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STS Study Guide and Review for Hour Test 1

by: Ann Carter Herbert

STS Study Guide and Review for Hour Test 1 STS 1010

Marketplace > Clemson University > Applied Science > STS 1010 > STS Study Guide and Review for Hour Test 1
Ann Carter Herbert

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Review for Test 1
Survey of Science and Technology in Society
Professor Scott Brame
Study Guide
STS, Study Guide, review
50 ?




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Popular in Applied Science

This 6 page Study Guide was uploaded by Ann Carter Herbert on Sunday January 31, 2016. The Study Guide belongs to STS 1010 at Clemson University taught by Professor Scott Brame in Spring 2016. Since its upload, it has received 95 views. For similar materials see Survey of Science and Technology in Society in Applied Science at Clemson University.


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Date Created: 01/31/16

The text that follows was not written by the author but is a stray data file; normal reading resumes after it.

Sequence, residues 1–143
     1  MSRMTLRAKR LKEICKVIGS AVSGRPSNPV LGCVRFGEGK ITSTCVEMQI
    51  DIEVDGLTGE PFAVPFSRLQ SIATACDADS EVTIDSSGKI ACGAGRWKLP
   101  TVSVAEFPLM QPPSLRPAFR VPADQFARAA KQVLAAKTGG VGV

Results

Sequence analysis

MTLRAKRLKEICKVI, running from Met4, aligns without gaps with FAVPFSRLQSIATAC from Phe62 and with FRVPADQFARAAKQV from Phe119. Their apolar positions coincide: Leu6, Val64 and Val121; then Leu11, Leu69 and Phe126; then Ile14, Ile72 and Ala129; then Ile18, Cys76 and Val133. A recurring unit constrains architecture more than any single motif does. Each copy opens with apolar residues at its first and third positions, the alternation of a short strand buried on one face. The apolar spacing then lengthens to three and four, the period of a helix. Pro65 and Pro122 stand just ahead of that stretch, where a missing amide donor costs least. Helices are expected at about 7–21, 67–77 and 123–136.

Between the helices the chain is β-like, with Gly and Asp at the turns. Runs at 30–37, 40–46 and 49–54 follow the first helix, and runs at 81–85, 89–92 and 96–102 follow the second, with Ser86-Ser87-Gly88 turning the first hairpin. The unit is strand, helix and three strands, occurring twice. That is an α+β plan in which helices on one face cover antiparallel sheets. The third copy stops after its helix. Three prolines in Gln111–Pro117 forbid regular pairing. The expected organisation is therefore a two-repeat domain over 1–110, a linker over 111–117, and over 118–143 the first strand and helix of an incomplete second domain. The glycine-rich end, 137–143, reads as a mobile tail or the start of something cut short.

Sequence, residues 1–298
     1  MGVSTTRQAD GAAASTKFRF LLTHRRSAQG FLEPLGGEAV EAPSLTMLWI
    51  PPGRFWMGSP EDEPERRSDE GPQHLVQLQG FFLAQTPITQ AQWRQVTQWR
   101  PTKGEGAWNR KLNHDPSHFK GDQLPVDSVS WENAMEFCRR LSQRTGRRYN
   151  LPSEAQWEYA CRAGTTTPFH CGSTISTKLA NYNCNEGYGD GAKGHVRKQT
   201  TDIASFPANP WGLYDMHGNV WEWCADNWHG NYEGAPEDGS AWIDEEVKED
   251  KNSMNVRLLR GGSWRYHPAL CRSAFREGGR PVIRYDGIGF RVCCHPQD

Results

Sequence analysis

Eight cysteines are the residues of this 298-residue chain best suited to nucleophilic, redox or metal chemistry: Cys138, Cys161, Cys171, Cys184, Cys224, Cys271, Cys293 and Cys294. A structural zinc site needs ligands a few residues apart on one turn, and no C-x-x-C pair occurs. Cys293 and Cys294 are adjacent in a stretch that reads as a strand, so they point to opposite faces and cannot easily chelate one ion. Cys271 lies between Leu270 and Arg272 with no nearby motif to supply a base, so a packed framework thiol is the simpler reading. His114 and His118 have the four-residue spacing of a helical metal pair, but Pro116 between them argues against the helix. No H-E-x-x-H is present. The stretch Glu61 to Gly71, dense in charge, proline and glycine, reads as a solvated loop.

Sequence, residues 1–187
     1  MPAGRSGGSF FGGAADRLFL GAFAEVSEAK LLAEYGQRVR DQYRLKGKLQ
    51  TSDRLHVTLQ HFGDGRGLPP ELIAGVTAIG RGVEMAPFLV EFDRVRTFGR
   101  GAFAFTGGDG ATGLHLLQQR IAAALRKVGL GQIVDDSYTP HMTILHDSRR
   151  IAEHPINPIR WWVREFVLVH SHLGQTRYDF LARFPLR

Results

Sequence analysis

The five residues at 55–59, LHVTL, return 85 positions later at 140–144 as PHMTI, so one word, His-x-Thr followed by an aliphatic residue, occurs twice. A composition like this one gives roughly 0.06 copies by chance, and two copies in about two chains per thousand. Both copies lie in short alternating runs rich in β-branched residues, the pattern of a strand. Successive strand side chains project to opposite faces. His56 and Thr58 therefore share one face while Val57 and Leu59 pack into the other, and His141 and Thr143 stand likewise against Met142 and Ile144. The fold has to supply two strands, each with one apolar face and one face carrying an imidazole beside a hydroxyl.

STS Hour Test 1 Review Preparation  Part one Introduction:  Metacognition: thinking about thinking  Worldview: how you perceive things, that technology does not change us as people  Science: Body of Beliefs (we hold them to be true)  Justified Beliefs; all you need for technology o Only has to meet one criteria- it has to work o On the other hand, science can't just work, we have to know WHY it works o We do science to find out WHY  Aren’t S&T the same thing? No  What is Science: knowledge attained through study or practice; or; knowledge covering general truths of the operation of general laws  Science is a process; science refers to a system of acquiring knowledge by using observation and experimentation to describe and explain natural phenomena  Less formally, the word science often describes any systematic field of study or the knowledge gained from it  Did science or technology come first? o Technology came first…think cavemen making tools to survive, that is technology. Science is a luxury; therefore cavemen didn’t have the luxury or time to practice science  What does Science do? The most general description is that the purpose of science is to produce useful models of reality  What is Technology? o A strict definition is elusive o “technology” can refer to amterial objects of use to humanity, such as machines, hardware or utensils, o but it also encompass broader themes, including systems, methods, etc  Tech was developed to enable us to things we could not do previously, or to do things: o Faster o Easier o Cheaper  Humans are not the only organisms to use technology o BUT humans are the only ones that ask WHY; therefore Science or art is our claim to fame as humans, not technology  Technology came first as we needed to survive  Science: came later as we needed to know why Why Technology is not value neutral:  Technology modifies: o Social roles o Relationships o Values o The way you think o The way you act (manners)  How things change: *** remember these*** o Technological progress has three kinds of effects:  The desired  The unforeseen  The foreseen  Example: o The cell phone:  Broken down car  Foreseen and desirable  Obsession or addiction to phone  Unforeseen and undesirable  Over sharing: people sharing private info by talking on the phone in public which was previously seen as unacceptable o A break down in manners and reshaping of manners  Bottom line: o If technology yields a benefit, it will extract a cost  Readings to know: o “Volti Chapter 2” Winners and Losers:  Every Technological change (and scientific breakthrough) gives certain people advantages and creates disadvantages for other  It is impossible for everyone to benefit o Yir Yomont o Luddites- people that resist technology  Workers afraid of losing their jobs  Unskilled labor replacing skilled laborers (for less $)  Recent wars had depressed economies o Neo-Luddites- no one can actually be a luddite, but people can resist certain technologies for various reasons o Technological fixes are more like band aids to a cure because it does not usually address underlying social unbalance o “Wired for Distraction” o If this is being lost, the what valuable skill is being gained? Concentration:  The concern is that MT is robbing digital natives of their ability to concentrate for an extended period of time  If this is being lost, then what valuable skill is being gained? o Time efficiency o Accessibility o Greater span of knowledge in a shorter time o Broader information o Greater access to sources  Your Brains on computers o This can change how people think o In its absence people get bored o Easily amused because easily bored o Even after the multitasking ends, the multi tasking state of mind continues o Anything you do rewires your brain o “Attached to Technology and Paying a Price” o “Is Facebook making me Lonely” o “Scientific Flaws of Online Dating Sites” o “Dating in a Digital World” o “Is Google making me stupid” Is Google making me stupid?  The argument is that it is: o Efficient o Saves you time o Easier access o World of information, larger amount of resources o Filtering capacities  This is one of the most controversial concepts, because it tells you what you want to see  While you think you’re the one making the decision about what you want, it’s actually Google telling you it is the best one  The question is: o Does this make you SMARTER? o How does one develop their intelligence? o How does it make you less smart?  Skimming phenomenon  You don’t analyze the material fully  Lack the ability to concentrate o Deep analysis:  Recognize that there is more than what is presented  An examination of the evidence (an understanding of the truth) o Inability to delay instant gratification o “Disappearance of Childhood” History of Childhood:  Prior to 1500’s o Children were considered adults when they could talk o From about age 7 The importance of Books:  One of the defining characteristics of an adult is that they know (or know more) on certain topics than children do o These are called “adult secrets”  Reading requires the reader to interpret complex passages  The process of analytic decoding promotes a higher level of decoding  Reading allows you to develop your intelligence to a higher level o Reading requires patience  TV: there is no “children’s television” Sesame Street is no less complicated to decode than any adult show o Television content is undifferentiated in its complexity o This explains why so many children and adults watch the same shows TV:  Lowers attention span o This effects children in reading and in school o Watching TV is a passive activity o You don’t have to listen to TV, you just have to watch it  All you have to have is pattern recognition  Blurs the lines between childhood and adulthood o Childhood is disappearing, not children in general o TV news=entertainment o Levels of abstraction are out of order o Inability to delay gratification o Diminished capacity to interpret linguistic and mathematical symbolism o Delays IQ and Emotional intelligence o May suffer from poor impulse control o It will get harder to separate the child from adult  o “Thanks for oversharing” Over sharing:  Putting something down in words can be a powerful way of showing social etiquette  What used to be information that used to be private or personal is now shared in a social group of people (i.e. talking on a cell phone in a crowd of people you don’t know)  People are forced to “eavesdrop” by being forced to listen to other people share this private information around you  This idea that this is acceptable is new, it didn’t use to be this way  Videos to Review: o First 43 minutes of “Digital Nation”  n/view/ Digital Nation Film (watched for Homework):  What is a Digital Native? o Someone born in the digital age, grew up around technology o Gives the advantage to do what is physically impossible; the ability to do two things at one time (multi-task)  What are the implications of being one? o Patience is lost o Mistakes are more easily made o Less of a better understanding (this is a lower order understanding) o A non-digital native could explain a subject as a 5 grade level once they clearly understand it o Loss of confidence in research  For those who were not born as such, how differently do they (the non-digital native) see the world?  Once the non-digital natives (aliens) are gone, what will have been lost?  The opening theme put forth by the film maker is that she “did not see if coming”  Now, the “geek” identity is more widely accepted and are seen as something much more cool  The nature of education has changed  There is now pressure on the teacher to demand students attention over the distraction of the technological worl  Her concern is that this now places teachers in the uncomfortable position of conforming to the students expectations  Fact: Networking/ Multi-Tasking interferes with the ability to focus  Some students think it is unfair for a professor to limit their access to multi-tasking during class  Students believe they are adept at networking and that the professor is “behind the times” The Stanford Study:  A problem: the technology is changing so fast that there is no real understanding of the effects  Research on the effects will lag behind the progress Facts about your brain:  Before you reach the age of 20, you are still developing the myelin that allows nerve signals to flow freely in your brain  So?  So the brain of most college age individuals is still developing  Addiction is a form of learning o Ted Talk  er.html  Review Class PPTs for Test 1 o ntent.jsp?course_id=_101422_1&content_id=_2451735_1 o found in blackboard  Helpful Voiceover Reviews for each Power Point: o ntent.jsp?course_id=_101422_1&content_id=_2451766_1 o found on blackboard 